Simon Carr: Has the Prime Minister found a friend in the German Chancellor?

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The Independent Online

In comparison, the honour guard in Paris were – I'm sure they won't mind me comparing them to their Berlin counterparts – effeminate.

And indeed one was more than effeminate; she was a woman. But all had ponytails as part of their uniform. Standing at ease (a formal drill position, incidentally) they'd move their weight from one side to another, cocking their hips in the process. If you like men in cockades and tight black trousers, cocking their hips, they would affect you in a very unmilitary way.

The German parade aroused very different emotions. Two hundred men – archaic term – standing implacably still. They were dressed in public-service blue with white gloves. A drill sergeant growled and barked harsh commands at them. They threw their rifles around with synchronised fury and long pauses between movements.

Angela Merkel wandered out on to the parade ground in her amiable civilian way, and they yelled at her. Bawled at her. If you can imagine the haka being bellowed by 200 perfectly erect soldiers you can imagine the aggressive effect. I was ready to invade Poland because I don't speak German. What they had shouted was "Good afternoon Mrs Chancellor!" My neck flushed, I fear.

"Together we are stronger than we are apart," as Tony Blair used to like to say. Hmm. They really were together, those 200 Teutons. Compared with French style and insouciance you can't help thinking strength and togetherness is not all upside.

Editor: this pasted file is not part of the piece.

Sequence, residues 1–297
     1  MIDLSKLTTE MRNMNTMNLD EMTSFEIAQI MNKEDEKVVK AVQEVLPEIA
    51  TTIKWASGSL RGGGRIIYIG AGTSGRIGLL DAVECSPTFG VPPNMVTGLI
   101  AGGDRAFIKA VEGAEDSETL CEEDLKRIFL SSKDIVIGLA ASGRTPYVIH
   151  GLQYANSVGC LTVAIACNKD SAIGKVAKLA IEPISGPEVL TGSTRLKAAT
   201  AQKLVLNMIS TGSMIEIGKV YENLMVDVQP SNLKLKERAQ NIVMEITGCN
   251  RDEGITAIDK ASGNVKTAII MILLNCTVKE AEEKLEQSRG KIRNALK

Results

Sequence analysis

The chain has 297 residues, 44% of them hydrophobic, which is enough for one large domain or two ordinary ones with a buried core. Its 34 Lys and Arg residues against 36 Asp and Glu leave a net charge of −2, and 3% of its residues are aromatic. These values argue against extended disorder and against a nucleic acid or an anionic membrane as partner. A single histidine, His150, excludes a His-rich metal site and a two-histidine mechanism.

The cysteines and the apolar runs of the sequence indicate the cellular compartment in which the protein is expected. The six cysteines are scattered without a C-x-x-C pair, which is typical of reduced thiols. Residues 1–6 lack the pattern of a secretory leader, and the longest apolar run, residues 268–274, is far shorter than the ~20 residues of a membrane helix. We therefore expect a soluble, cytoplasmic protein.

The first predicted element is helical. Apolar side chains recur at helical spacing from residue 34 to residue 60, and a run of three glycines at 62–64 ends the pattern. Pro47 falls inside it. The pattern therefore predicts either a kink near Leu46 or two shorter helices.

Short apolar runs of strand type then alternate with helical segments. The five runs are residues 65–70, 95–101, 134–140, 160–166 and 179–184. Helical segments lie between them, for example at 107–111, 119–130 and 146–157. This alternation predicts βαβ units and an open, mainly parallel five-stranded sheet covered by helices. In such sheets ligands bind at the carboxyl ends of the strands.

Angela Merkel and David Cameron came into the press conference. She is said to have a tendresse for tall young men in suits. This worked in Cameron's favour. She talked at presidential length. But our Prime Minister is a quick learner. He has a new way of staying alive while not speaking. He was perceptibly present while she spoke. He was playing in the same division. All patriots will be glad to know that. It's also possible something happened. I'm not attuned to the Euro way of saying things, but neither is he. So it was that he said, standing there next to her: "We have a veto."

Gordon Brown would never have said such a thing so clearly. "The principle of unanimity is fundamental to the operation of the Council of Ministers," he would have put it. "We have a veto" is, in diplomatic language, swearing.

Compare also Cameron's euro position – "We're not in it and we're not going to join it" – with the sort of thing Gordon said: "It's a decision that, in layman's terms, depends on the degree of economic convergence developing in a non-cyclical way." So, Cameron is refreshing some parts that previous leaders failed to reach.

Did he reach Ms Merkel? That must be a matter between them, for now. But experienced Merkel-watchers behind me noticed a lightness, a gaiety in her manner. She had just won a crucial bailout vote in her parliament, it's true. But she laughed and was light with her new comrade when he said he would not allow any new powers to be transferred to the EU without a British referendum.

"Good luck with that," she seemed to be saying. PS: There was a sign on the road saying Botschaft. Frankie Howerd would have loved it here.

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